The Pan American Health Organization (PAHO) said Tuesday that “seasonal threats,” such as the arrival of the southern winter and the hurricane season in the northern hemisphere, may hinder the fight against COVID-19 on the American continent.
“As our region works together to contain the spread of COVID-19, we must begin planning now for a formidable challenge that could worsen our situation: the climate,” PAHO Director Carissa Etienne told a news conference.
“In South America, our response to the pandemic will be affected by the arrival of winter, while the hurricane season will complicate our efforts in North and Central America, and especially in the Caribbean,” she added.
The Americas currently contain almost half of the 7.1 million cases and of the 406,000 global deaths from COVID-19. The United States is the country with the most infections, and Brazil is third.
June 21 marks the start of winter in the southern hemisphere, and while Etienne said there is no data indicating that temperature or humidity influences the spread of the new coronavirus, there is evidence that this season increases other respiratory infections such as the flu and pneumonia.
This creates problems not only for the population but for health systems, which must respond to both the pandemic and the peak of other respiratory diseases, with the aggravating circumstance that symptoms are similar and can hinder the diagnosis of COVID-19.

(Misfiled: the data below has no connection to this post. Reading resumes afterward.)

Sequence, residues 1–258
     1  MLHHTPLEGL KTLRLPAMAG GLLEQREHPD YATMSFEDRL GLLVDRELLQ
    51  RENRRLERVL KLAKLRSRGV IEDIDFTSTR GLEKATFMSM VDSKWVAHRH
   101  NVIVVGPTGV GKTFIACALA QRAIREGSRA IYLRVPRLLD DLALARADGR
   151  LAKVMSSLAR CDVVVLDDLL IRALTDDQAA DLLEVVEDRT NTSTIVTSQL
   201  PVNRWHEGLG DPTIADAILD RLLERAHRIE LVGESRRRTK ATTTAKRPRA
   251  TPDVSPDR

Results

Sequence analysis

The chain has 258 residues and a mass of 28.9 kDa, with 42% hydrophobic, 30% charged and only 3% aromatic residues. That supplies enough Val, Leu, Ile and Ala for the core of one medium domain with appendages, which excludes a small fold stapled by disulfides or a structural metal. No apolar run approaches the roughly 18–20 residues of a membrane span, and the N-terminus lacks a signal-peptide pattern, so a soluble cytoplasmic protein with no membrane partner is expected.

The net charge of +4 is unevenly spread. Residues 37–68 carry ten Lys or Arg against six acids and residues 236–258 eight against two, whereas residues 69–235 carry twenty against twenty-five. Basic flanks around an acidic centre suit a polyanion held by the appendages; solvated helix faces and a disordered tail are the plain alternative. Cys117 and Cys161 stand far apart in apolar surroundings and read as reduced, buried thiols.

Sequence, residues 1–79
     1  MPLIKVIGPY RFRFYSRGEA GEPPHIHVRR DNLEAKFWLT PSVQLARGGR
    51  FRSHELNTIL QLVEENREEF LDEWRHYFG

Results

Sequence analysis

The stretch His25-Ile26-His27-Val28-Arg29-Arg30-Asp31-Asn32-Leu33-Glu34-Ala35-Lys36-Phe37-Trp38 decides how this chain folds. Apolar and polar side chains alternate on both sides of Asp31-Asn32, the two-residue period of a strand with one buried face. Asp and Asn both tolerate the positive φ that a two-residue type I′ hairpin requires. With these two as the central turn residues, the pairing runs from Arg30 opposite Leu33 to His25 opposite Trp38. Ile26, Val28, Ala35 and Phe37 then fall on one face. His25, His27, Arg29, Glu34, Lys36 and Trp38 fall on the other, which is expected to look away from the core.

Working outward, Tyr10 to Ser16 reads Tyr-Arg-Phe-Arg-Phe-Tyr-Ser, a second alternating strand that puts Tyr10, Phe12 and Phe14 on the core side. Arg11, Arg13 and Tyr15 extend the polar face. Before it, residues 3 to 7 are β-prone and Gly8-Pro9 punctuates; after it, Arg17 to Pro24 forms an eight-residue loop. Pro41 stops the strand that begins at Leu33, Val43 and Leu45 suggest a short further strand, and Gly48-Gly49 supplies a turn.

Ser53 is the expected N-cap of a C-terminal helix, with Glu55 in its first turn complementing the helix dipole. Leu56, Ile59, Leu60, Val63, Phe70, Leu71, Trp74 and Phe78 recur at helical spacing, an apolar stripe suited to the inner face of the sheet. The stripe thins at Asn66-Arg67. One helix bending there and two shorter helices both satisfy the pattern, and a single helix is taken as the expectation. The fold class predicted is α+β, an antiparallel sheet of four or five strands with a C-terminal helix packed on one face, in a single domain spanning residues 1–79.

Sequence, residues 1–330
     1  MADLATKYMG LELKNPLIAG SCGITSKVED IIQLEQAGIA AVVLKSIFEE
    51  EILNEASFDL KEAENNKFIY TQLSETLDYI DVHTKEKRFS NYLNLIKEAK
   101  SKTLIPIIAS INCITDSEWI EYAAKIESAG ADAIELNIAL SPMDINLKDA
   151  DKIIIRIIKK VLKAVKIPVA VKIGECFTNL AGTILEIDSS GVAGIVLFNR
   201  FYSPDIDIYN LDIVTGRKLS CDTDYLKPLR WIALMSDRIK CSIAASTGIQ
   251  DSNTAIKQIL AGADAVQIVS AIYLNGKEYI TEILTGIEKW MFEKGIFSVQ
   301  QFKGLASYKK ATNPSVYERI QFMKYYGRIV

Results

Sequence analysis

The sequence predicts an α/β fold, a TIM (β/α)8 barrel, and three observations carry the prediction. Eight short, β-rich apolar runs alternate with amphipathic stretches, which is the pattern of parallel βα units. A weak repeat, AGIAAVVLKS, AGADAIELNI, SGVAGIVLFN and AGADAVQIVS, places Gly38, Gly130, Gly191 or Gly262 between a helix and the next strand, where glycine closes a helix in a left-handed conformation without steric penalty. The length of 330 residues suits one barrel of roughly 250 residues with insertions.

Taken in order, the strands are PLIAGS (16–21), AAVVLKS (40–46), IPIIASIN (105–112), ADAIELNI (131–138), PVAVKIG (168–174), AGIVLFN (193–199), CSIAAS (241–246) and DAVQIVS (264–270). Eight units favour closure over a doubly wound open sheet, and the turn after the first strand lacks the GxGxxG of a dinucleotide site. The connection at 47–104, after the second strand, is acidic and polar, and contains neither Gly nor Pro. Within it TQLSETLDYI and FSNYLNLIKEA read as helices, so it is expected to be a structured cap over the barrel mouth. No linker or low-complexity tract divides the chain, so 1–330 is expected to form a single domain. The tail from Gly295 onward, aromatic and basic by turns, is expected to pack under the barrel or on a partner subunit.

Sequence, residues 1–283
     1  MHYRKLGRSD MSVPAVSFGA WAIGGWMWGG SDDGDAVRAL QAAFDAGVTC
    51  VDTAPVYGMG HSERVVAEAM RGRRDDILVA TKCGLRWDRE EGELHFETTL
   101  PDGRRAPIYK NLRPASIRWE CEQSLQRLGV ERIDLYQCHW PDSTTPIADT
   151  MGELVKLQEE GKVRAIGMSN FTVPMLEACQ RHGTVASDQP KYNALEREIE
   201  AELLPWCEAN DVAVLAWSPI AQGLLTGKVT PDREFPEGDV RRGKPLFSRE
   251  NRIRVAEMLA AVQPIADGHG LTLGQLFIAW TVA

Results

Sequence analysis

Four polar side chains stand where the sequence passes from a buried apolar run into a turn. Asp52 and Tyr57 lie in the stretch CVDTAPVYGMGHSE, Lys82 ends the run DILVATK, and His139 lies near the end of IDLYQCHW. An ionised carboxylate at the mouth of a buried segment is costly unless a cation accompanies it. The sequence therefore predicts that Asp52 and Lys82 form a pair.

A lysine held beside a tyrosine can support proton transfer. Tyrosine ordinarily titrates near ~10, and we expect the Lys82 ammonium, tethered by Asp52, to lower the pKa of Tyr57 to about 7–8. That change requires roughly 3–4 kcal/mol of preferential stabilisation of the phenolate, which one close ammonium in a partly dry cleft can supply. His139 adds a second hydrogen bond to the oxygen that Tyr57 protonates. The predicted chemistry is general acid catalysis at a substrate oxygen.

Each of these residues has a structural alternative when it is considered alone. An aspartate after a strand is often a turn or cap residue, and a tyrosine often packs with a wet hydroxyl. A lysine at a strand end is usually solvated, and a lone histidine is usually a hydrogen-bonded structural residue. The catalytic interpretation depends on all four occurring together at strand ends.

“Early vaccination to prevent serious cases of influenza is more crucial than ever,” emphasized the director of PAHO, urging countries to adapt immunization campaigns while applying measures of social distancing.
More infections in Venezuela
Etienne made no secret of her concern about “exponential increases in cases and deaths” in some regions of the Americas and the appearance of the virus in new places.
Particularly noteworthy was the increase in infections in Mexico, Panama and Costa Rica, especially on the border with Nicaragua.
In South America, she noted that the new coronavirus continues to spread “aggressively” in Brazil, Peru and Chile, and that in Venezuela there is an acceleration of infections not seen until now.
In the Caribbean, she focused on Haiti, where an increase in infections is observed, and Suriname, which after more than a month without new cases reported an increase in the past week.
“The COVID-19 pandemic has pushed our region to the limit,” she said. “Preparing for winter and hurricane season is a critical part of this fight.”
The Caribbean islands, the Mesoamerica region, and the southern and eastern coasts of the United States are at increased risk of complications to address the health crisis due to expected storms.
According to US meteorologists, the Atlantic hurricane season, which runs officially from June 1 to November 30, will be more active than average this year, with up to six Category 3 or higher hurricanes.
This jeopardizes three fundamental variables to respond to COVID-19: the supply of drinking water, the sanitation systems and the medical attention of the population, Etienne warned.
“Now is the time to review national hurricane response plans and conduct simulation exercises,” she said, noting that PAHO is currently working with countries at risk to ensure response to a climate emergency without neglecting measures to curb the coronavirus.